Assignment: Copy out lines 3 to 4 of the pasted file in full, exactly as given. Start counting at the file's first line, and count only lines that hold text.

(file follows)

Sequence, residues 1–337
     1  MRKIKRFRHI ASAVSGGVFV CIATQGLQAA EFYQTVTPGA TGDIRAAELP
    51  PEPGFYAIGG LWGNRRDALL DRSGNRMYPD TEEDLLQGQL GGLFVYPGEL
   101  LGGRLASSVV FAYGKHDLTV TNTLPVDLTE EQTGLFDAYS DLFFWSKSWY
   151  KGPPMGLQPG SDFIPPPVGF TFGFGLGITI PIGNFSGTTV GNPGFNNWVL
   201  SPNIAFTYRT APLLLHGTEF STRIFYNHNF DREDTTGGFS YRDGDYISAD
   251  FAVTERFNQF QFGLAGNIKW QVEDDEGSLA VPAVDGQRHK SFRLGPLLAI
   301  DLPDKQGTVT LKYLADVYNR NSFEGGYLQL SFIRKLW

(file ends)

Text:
    51  PEPGFYAIGG LWGNRRDALL DRSGNRMYPD TEEDLLQGQL GGLFVYPGEL
   101  LGGRLASSVV FAYGKHDLTV TNTLPVDLTE EQTGLFDAYS DLFFWSKSWY